Wednesday, October 8, 2008

Scrapbooks Of Old

Today Shades wanders the web and looks at scrapboooks of old in anticipation of next week's review of the book Scrapbooks: An American History. Fascinating!

Thomas Jefferson kept scrapbooks, as did Mark Twain, Anne Sexton and Lillian Hellman.

Scrapbooking is huge. In 2008, the business of selling supplies for scrappers to preserve their family photos totaled 3 billion dollars.

Our ancestors created scrapbooks, but their efforts were far more "green" than the scrappers of today. Today if you want it to look old, you buy new. Our ancestors scrapped the ephemera around them.

I find the old examples fascinating as has Jessica Helfand the author of, Scrapbooks: An American Heritage, which will be reviewed here on Shades next week. In researching her book Jessica found some amazing examples of scrapbooks of old and has placed a few of them online.

One of those online is the scrapbook of Lydia Blanchard. Lydia came from a distinguished family in Natchitoches, Louisiana. She kept a detailed scrapbook of her adventures that profiles life in the South during 1920. Many residents of Natchitoches have connections to Lydia's scrapbook. Do you have a connection to Lydia or Natchitoches, Louisiana? Read the scrapbook. Do you recognize any of the people in the pictures? What a gift this would be if you did!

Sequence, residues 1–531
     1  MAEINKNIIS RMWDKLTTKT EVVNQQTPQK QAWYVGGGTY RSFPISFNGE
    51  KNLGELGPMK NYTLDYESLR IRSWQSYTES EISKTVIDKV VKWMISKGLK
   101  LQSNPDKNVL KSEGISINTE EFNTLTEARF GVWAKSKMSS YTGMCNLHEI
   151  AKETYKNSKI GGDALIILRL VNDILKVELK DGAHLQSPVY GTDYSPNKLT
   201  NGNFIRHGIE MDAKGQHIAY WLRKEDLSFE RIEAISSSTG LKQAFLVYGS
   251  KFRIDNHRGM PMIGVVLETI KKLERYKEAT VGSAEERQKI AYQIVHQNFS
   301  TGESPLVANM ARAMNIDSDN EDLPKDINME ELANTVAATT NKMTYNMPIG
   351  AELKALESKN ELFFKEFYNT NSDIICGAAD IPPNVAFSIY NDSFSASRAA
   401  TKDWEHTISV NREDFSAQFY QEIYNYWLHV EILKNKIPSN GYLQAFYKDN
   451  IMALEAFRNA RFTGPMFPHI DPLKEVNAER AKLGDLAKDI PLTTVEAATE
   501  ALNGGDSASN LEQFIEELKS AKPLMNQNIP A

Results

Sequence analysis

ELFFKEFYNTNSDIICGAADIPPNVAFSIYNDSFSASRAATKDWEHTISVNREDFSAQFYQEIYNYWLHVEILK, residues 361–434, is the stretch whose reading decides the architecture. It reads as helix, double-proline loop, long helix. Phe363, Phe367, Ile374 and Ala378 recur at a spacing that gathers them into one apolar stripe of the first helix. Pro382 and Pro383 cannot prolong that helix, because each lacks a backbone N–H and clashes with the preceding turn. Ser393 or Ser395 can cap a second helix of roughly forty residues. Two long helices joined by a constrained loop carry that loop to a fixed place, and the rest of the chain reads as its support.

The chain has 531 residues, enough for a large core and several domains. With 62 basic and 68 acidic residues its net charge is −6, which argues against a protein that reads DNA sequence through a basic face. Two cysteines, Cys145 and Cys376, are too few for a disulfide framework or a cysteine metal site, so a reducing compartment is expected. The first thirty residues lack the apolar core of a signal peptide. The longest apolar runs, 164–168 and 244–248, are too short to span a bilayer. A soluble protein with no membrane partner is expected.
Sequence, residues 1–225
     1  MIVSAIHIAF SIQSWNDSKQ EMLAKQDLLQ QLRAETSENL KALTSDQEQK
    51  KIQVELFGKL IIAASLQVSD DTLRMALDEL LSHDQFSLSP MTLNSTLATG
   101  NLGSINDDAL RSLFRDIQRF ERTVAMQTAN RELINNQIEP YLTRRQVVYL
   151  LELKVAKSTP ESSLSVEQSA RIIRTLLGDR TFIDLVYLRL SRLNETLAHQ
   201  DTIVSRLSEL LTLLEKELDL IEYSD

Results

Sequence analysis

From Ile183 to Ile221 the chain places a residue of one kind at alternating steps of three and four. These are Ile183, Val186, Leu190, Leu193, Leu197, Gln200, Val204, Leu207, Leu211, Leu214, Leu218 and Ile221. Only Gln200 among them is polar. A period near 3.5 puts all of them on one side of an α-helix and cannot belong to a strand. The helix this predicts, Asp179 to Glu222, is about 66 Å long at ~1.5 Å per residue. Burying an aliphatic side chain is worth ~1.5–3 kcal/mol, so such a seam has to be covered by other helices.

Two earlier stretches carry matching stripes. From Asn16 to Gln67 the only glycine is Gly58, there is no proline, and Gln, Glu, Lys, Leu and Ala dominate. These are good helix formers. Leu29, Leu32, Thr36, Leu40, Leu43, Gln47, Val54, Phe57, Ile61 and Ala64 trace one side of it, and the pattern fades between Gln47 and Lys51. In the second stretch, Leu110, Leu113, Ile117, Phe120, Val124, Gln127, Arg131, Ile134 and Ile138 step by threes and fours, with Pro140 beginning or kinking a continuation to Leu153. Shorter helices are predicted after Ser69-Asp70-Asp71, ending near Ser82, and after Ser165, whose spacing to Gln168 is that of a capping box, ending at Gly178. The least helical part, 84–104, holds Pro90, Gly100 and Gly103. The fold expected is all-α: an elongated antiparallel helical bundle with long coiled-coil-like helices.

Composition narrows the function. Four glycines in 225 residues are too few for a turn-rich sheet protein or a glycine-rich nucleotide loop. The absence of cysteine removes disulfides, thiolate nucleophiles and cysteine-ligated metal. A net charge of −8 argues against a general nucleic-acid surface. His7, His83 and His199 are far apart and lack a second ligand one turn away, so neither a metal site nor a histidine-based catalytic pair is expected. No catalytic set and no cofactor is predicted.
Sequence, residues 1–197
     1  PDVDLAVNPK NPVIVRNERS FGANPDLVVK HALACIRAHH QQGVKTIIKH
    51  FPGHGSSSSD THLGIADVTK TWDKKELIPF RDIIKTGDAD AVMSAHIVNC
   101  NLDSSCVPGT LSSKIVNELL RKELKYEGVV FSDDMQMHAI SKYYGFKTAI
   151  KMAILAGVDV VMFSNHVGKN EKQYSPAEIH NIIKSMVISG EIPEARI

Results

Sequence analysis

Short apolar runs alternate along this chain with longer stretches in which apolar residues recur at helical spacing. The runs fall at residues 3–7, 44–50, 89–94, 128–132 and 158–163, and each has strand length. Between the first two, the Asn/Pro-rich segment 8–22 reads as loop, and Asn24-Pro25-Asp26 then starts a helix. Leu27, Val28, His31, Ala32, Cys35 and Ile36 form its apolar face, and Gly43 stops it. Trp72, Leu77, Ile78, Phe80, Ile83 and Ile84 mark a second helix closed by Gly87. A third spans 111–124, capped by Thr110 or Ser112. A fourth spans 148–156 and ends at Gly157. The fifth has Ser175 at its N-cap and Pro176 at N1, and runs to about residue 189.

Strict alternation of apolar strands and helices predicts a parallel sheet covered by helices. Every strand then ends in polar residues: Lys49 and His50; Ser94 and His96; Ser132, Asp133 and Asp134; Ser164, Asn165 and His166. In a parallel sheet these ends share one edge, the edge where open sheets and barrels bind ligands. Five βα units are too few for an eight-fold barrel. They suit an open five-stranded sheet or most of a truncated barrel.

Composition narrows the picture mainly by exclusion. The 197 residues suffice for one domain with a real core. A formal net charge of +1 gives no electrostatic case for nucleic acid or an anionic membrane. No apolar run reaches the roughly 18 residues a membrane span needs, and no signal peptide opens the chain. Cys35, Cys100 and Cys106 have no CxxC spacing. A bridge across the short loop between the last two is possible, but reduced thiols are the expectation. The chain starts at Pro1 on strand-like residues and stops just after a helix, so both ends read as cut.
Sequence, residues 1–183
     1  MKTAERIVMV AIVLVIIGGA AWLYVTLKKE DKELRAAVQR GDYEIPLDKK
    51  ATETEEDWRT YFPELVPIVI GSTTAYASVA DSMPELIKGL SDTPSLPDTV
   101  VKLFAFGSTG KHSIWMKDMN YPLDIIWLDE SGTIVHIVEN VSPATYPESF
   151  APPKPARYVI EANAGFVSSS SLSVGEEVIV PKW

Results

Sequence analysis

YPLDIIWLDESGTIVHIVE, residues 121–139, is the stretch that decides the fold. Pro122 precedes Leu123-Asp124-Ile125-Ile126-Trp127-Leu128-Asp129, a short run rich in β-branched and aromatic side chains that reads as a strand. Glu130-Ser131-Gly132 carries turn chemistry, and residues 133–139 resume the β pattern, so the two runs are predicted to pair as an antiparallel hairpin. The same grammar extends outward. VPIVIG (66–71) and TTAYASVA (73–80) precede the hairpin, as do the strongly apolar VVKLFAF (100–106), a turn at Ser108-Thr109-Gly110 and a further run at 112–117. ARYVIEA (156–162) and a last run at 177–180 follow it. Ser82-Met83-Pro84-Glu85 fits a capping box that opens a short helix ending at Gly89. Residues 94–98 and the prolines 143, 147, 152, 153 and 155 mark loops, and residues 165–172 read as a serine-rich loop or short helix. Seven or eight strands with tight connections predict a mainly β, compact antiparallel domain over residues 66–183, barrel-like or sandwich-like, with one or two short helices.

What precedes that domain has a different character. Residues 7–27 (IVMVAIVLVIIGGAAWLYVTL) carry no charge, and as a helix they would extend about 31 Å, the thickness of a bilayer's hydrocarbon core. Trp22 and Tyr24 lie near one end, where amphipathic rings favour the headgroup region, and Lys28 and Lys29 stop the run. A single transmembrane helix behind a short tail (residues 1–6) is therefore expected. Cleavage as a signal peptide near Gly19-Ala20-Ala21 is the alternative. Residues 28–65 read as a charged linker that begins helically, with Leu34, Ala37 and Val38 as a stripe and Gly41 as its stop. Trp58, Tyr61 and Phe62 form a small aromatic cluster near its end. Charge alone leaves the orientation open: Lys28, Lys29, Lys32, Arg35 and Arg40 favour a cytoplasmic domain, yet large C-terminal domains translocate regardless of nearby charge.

Long before scrapbooking stores would sell inspirational words with adhesive backing, Lydia cut out words she loved and pasted them into her book. I love how this page begins with playful words like "folly" and "masquerade" and concludes with "Bride."

Jessica Helfand, August 13, 2007

Even if you don’t have a connection, time spent with history is time well spent. You may browse the entire scrapbook online.

Once the book was written Jessica Hefland donated Lydia's scrapbook to The Natchitoches Genealogical and Historical Association. Jessica is a Shades kind of woman.



Blogger Nikki - Notes of Life said...

I've got my Aunty's old scrapbook, but it's nothing arty, just photos and postcards lovingly pasted into a writing book.

October 8, 2008 at 11:20 AM  
Blogger footnoteMaven said...


It's that slice of life, the things they saved and considered important that fascinates me.

And "lovingly" is the most important word.


October 8, 2008 at 11:23 AM  
Anonymous Anonymous said...

very nice, does your husband know that you do this...he must be a really nice guy to let you spend so much time doing this!

October 19, 2008 at 9:26 PM  
Blogger footnoteMaven said...


We're separated!

And he has no idea how really good I am at this.

Do you honey?


October 19, 2008 at 10:14 PM  
Blogger TK said...


Oh yeah, the post... well, thanks for the heads-up on this book. My library system has gotten it but it's not in circulation yet, and guess who is now FIRST on the hold list! Yay!

October 26, 2008 at 10:52 AM  

Post a Comment

Subscribe to Post Comments [Atom]

<< Home